2 February 2018

Canberra United assistant coach becomes youngest accredited coach in Australia

| Lachlan Roberts
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Alex Epakis starting his coaching licence as a 19-year-old. Photo: Lawrence Atkin.

Canberra United assistant coach Alex Epakis is now the youngest A-License accredited coach in Australia after the recent successful completion of his assessments.

The 26-year old completed the final part of his license at the end of 2017, capping a quick rise through the coaching system after beginning his C-license in late 2013.

Canberra assistant coach Alex Epakis came to the capital with head coach Heather Garriock from Sydney University and he credited her for his quick rise through the coaching ranks.

“I want to continue the process of learning from people like Heather as an assistant until I feel like I’m in a position where I can offer value at a higher level.”

“I’ve met a lot of good people along the way who have helped me, particularly Kelly Cross at Sydney FC who gave me a great role within the Academy.”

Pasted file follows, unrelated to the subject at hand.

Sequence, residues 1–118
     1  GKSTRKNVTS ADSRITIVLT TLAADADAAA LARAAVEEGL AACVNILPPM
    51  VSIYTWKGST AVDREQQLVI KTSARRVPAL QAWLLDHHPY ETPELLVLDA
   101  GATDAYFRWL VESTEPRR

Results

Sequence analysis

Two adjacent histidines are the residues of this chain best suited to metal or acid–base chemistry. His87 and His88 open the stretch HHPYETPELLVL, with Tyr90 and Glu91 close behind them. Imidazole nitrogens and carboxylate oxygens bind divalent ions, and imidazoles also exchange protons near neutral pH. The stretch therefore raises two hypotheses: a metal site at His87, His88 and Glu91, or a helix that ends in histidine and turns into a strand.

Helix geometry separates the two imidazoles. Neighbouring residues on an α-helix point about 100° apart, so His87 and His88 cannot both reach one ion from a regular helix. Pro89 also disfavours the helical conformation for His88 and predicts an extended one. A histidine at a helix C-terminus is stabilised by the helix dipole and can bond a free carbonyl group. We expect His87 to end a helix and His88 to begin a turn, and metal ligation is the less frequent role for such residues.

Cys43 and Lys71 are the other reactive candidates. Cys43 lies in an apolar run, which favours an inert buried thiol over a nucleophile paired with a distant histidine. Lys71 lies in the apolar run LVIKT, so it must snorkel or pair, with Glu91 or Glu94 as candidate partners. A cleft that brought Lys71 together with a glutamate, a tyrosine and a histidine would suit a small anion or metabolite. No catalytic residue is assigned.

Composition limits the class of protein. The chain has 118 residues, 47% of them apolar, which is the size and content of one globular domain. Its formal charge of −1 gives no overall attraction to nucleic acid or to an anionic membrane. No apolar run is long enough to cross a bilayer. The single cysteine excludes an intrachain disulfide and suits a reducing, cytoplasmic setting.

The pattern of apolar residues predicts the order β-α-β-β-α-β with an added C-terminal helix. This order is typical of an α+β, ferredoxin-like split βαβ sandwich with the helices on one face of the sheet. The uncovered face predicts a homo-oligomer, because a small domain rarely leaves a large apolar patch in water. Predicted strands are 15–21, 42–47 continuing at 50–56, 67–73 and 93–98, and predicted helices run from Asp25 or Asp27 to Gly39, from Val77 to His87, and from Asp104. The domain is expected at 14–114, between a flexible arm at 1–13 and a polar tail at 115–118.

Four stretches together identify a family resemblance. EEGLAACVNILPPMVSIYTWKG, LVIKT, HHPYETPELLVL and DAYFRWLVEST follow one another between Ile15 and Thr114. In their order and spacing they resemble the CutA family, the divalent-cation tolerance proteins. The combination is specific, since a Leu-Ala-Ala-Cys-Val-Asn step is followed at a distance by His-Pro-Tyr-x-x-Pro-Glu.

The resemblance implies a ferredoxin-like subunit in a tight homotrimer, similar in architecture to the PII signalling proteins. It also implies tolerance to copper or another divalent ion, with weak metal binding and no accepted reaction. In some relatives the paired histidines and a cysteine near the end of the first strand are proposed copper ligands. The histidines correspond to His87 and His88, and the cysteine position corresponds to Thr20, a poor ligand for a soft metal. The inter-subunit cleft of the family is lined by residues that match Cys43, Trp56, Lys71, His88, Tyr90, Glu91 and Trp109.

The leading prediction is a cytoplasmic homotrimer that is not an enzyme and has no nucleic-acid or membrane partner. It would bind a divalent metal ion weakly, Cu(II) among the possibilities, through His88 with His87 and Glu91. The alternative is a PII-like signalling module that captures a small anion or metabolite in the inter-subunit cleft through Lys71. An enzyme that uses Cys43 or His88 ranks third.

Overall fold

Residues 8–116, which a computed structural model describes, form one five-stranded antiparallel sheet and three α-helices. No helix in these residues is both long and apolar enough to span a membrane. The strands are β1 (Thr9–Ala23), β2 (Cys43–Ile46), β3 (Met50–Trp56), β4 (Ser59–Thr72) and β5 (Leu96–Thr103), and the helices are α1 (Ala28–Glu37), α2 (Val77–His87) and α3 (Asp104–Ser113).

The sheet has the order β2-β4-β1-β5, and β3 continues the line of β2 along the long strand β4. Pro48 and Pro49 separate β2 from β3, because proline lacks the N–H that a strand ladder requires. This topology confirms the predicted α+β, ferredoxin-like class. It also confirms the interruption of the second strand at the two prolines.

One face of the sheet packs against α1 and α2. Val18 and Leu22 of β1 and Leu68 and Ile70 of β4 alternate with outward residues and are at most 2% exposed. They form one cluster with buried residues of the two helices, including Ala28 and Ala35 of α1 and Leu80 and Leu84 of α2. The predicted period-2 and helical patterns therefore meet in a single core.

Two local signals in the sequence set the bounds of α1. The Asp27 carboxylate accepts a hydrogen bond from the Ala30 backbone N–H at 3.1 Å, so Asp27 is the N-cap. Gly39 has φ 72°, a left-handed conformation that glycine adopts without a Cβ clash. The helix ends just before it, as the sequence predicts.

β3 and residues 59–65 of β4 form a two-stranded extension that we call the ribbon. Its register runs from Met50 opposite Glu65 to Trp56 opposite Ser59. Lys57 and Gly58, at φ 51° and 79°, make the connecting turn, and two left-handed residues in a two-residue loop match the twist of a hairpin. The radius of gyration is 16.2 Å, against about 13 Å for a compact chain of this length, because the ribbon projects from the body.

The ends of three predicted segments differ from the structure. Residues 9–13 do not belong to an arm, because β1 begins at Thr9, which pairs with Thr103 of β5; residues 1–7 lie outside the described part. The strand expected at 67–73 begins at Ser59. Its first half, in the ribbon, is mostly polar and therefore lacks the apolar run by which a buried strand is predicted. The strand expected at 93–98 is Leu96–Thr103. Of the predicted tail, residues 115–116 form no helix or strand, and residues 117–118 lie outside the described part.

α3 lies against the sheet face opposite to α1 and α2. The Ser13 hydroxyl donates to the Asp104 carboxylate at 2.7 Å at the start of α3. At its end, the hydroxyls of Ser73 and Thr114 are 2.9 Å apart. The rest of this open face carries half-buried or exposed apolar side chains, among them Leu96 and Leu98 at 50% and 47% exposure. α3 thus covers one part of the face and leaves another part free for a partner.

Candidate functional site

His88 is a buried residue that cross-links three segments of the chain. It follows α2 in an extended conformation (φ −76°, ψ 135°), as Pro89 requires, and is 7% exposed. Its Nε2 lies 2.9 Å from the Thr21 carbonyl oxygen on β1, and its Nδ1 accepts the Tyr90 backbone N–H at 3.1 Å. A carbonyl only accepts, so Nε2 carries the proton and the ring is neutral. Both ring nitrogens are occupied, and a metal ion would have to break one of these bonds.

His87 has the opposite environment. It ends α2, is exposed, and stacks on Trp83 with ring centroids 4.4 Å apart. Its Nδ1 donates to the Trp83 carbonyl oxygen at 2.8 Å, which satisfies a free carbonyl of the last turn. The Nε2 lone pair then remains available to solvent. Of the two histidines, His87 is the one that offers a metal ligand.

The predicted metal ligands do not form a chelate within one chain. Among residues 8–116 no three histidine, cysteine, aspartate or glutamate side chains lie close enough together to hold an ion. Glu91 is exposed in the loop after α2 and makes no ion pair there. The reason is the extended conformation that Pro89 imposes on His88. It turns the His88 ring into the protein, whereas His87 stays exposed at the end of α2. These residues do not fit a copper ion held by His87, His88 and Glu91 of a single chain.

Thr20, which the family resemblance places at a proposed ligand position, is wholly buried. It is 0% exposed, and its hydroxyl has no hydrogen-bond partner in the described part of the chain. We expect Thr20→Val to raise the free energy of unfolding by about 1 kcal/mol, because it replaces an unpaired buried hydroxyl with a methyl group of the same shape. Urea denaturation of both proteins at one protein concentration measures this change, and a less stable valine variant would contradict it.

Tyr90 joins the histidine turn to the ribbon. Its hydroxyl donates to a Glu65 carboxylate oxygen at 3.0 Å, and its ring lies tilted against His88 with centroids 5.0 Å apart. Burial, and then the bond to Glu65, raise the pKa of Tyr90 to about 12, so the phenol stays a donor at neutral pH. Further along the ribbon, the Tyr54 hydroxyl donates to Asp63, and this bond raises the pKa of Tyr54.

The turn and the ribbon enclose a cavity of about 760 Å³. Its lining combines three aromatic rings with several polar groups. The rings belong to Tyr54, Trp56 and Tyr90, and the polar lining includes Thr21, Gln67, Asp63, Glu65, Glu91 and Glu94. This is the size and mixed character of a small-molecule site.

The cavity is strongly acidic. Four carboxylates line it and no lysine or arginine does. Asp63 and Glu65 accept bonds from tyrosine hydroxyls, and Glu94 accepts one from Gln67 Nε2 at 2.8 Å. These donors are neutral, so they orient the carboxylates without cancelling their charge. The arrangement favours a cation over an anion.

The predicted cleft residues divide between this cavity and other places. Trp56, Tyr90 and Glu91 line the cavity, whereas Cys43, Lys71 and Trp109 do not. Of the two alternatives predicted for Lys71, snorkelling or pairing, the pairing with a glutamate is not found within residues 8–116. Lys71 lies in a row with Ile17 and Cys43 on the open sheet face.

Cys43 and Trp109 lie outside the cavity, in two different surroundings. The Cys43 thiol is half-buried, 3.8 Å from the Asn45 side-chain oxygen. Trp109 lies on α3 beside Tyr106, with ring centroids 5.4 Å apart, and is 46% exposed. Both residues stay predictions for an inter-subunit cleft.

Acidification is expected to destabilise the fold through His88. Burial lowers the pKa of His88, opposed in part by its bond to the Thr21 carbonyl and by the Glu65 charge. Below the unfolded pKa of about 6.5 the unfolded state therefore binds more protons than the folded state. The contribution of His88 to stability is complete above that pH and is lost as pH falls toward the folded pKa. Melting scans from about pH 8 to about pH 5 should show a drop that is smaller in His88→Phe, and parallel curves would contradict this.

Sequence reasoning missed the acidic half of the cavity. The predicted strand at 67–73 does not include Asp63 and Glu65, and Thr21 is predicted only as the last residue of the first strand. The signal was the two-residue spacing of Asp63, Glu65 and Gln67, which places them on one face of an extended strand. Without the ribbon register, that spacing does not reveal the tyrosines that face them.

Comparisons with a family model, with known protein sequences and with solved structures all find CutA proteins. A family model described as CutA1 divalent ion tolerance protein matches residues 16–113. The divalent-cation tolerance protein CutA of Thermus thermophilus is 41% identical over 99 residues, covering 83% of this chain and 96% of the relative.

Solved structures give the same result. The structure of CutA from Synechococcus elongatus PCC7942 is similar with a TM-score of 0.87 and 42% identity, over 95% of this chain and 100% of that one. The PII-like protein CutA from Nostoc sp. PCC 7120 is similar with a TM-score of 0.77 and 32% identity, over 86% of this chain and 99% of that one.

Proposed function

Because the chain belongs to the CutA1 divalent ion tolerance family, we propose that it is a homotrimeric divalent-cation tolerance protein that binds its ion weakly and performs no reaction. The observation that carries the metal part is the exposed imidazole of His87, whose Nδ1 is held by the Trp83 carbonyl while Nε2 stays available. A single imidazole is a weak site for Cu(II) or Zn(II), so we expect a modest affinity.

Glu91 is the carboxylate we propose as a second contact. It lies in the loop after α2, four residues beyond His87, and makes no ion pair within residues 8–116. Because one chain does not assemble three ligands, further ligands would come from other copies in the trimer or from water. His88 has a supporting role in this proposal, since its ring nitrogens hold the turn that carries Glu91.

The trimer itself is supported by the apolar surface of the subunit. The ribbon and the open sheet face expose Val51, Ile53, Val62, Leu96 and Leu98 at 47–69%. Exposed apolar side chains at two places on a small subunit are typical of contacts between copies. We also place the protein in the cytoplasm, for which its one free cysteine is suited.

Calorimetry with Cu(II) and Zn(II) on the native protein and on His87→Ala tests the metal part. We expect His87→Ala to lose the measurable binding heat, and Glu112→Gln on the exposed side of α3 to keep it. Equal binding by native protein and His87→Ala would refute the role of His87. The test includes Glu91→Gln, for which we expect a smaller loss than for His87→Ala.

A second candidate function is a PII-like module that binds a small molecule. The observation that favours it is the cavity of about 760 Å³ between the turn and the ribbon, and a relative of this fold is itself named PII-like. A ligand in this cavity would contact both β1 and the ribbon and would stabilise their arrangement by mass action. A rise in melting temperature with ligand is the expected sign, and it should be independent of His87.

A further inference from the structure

As a 19-year-old, Epakis realised that his playing career had peaked and decided to take up coaching in a bid to stay involved within the sport’s professional environment.

He started his coaching license while he was still playing but realised that if he wanted to be involved professionally it wasn’t going to be as a player.

“I made the decision to start the coaching process with the C-License, and I guess I’ve just kicked on from there.”

“It’s been a really interesting rise. I never expected to be coaching at the level I am now or for it to be such a big part of my life when I started. It was always just something I wanted to do and use as an opportunity to springboard into other things.”

Epakis said that he would like to eventually coach at the highest level.

“For me, it’s not so much important whether it’s as an assistant or head coach, but as long as it’s being involved in high-performance environments working with good people.”

When Season 10 of the Westfield W-League concludes for Canberra United, Epakis will move back to Sydney for the winter months as he prepares to take on the head coaching role for the Sydney University women’s side, where he was an assistant to Garriock in 2017.

“When I get back to Sydney Uni it will be all system’s go, and I’m really excited to take over at what I believe is the best NPL side in the country for women.”

“For that project my goals are about doing as well as I can while I am there, meaning titles and success.”

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